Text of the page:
of representing the Democratic Governors in the Education Summit. I'd 
done a lot of work with them. But it just seemed to me that we could not 
drift into the 21st century, that we couldn't just assume that things 
would happen that would be good for the country. And we were having the 
slowest job growth since the Great Depression. We had quadrupled the 
debt of the country in 12 years and we were getting more divided 
racially and ethnically at a time when we plainly needed to come 
together. There was even some question of the support in our country for 
America's continued leadership in the world.
    And I had three simple ideas that I thought we ought to take with us 
into the 21st century. First, and most important, I thought that we had 
to keep the American dream alive for everybody who was willing to work 
for it. Secondly, I believed that we had to make a virtue of our 
diversity, we had

[[Page 1107]]

to celebrate it, we had to come together in a stronger sense of 
community instead of being divided. Because it's plain that if we work 
together we'll do better than if we drift apart. And thirdly, I wanted 
to see our country continue to be the strongest force in the world for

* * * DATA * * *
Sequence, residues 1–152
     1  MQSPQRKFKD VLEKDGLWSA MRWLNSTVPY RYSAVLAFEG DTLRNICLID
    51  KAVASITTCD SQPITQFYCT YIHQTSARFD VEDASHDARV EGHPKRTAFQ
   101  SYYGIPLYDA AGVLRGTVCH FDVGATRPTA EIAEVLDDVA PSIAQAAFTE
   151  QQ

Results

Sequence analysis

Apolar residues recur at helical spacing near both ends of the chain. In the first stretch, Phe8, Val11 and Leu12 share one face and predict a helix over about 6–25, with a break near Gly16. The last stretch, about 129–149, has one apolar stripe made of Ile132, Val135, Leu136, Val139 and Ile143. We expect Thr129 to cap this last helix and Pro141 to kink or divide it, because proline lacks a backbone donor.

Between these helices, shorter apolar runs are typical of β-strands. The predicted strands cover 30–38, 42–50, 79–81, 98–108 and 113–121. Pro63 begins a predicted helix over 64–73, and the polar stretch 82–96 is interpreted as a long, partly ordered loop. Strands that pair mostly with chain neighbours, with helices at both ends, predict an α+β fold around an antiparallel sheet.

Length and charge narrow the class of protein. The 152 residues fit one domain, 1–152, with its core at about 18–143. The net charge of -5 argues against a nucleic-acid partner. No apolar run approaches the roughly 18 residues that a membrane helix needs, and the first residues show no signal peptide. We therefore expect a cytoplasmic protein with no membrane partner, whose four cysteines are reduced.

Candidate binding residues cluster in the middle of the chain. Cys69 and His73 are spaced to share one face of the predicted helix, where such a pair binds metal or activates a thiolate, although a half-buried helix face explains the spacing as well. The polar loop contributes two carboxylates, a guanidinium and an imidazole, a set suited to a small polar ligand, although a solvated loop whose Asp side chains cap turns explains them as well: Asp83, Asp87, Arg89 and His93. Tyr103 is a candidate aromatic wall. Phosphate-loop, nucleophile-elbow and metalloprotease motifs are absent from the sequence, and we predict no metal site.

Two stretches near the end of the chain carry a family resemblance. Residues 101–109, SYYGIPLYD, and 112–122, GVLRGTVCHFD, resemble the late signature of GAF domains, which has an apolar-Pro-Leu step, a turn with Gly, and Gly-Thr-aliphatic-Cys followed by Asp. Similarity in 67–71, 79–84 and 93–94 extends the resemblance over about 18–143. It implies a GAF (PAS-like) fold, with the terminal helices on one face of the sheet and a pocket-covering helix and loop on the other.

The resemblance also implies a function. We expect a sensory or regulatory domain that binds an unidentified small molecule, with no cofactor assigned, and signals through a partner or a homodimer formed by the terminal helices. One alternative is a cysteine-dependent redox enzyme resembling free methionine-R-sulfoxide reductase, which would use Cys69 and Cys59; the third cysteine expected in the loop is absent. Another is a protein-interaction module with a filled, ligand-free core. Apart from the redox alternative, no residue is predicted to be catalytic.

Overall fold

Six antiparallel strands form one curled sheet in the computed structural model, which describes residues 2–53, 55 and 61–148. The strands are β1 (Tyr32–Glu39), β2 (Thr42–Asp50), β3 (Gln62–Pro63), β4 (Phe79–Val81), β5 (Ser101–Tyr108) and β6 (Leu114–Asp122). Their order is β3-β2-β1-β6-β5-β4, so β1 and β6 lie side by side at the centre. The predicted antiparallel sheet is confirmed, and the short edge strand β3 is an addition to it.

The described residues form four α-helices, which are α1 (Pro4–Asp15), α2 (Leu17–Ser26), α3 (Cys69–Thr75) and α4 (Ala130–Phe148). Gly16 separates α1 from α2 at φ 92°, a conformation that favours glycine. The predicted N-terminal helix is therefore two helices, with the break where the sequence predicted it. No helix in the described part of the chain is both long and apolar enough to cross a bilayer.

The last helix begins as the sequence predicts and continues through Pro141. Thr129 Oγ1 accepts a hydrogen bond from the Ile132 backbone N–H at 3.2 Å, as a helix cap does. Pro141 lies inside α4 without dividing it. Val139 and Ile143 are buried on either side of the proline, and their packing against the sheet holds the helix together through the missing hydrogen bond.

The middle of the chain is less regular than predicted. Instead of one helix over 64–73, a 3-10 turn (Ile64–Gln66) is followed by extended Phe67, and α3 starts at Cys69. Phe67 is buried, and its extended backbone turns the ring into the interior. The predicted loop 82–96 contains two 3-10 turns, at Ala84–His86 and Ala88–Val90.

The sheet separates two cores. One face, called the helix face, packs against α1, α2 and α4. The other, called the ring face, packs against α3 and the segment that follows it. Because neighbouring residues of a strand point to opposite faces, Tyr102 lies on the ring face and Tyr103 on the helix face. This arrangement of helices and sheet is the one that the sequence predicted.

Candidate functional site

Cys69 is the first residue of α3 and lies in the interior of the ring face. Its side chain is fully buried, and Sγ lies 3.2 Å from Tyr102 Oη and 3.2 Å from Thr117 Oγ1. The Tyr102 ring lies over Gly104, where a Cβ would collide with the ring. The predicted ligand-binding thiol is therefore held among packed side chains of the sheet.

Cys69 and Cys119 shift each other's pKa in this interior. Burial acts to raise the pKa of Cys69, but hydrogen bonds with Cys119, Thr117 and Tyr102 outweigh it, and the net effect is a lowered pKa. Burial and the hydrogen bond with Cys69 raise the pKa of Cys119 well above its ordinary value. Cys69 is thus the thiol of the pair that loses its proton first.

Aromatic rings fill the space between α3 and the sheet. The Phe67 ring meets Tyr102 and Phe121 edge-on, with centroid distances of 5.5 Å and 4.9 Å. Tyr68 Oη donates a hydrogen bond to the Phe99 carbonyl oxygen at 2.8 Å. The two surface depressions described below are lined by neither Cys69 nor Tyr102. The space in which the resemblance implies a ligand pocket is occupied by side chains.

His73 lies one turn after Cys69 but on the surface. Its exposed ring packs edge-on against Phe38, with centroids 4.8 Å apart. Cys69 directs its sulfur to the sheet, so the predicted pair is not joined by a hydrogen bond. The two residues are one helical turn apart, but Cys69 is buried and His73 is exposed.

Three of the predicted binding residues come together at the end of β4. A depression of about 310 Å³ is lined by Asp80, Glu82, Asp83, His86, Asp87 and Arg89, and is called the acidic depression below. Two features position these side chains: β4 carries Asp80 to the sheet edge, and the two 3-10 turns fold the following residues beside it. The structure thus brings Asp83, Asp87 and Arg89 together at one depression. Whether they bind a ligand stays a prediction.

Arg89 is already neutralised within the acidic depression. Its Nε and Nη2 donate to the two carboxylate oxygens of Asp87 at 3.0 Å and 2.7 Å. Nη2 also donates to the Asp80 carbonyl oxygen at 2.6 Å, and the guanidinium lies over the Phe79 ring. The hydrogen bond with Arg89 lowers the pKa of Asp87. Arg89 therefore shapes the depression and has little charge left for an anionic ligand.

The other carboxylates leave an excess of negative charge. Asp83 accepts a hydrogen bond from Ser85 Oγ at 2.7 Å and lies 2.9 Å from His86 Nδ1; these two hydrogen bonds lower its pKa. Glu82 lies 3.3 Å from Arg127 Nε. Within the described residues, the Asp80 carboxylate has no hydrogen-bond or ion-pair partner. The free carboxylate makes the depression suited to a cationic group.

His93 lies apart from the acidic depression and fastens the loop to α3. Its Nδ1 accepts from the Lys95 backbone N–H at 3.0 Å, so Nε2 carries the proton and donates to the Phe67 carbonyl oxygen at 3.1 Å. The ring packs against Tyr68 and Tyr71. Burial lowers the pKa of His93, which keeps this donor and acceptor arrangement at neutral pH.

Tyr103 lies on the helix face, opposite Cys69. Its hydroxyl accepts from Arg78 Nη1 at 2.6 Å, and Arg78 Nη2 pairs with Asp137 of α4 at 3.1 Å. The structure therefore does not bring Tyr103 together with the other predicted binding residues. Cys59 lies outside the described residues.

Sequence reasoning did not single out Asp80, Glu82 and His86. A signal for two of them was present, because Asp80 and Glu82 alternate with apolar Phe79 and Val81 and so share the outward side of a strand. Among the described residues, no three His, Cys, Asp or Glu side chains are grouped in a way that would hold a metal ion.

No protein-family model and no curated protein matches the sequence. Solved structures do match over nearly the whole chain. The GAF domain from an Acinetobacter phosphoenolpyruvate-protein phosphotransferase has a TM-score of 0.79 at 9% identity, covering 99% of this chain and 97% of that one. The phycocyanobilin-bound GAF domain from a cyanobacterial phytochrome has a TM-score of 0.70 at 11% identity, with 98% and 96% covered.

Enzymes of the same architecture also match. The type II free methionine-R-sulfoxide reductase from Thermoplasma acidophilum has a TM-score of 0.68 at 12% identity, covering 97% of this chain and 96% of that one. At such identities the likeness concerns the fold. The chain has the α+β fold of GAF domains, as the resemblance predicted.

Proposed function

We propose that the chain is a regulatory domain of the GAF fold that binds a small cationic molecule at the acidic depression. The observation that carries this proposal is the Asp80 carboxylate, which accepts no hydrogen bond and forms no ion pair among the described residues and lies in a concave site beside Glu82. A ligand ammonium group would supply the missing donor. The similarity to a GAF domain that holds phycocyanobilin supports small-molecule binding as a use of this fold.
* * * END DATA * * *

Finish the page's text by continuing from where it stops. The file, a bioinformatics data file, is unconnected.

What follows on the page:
peace and freedom and prosperity.
    And I thought if we had a strategy that said America's basic bargain 
is this: We'll work together to give everybody the opportunity to make 
the most of their own lives, and they have to assume the responsibility 
of being good citizens; and then we'll work together to bring this 
country together instead of being divided. And if we did it, I thought 
it would work.
    In the economy, as Secretary Bentsen said, we had a simple strategy: 
To organize ourselves for the future; we said we're going to cut the 
deficit in half; we're going to expand trade dramatically; we're going 
to invest in the people of this country. And if we did it, we'd reduce 
the deficit in half in 4 years and create 8 million jobs. And as all of 
you remember, it was a very brutal fight to pass that economic program. 
It passed with the barest of margins. The Vice President had to vote for 
it in the Senate. Al Gore always says, ``You know, whenever I vote, we 
win.'' [Laughter] So, sure enough, we did.
    Well, now we've had 3\1/2\ years of that program. After we passed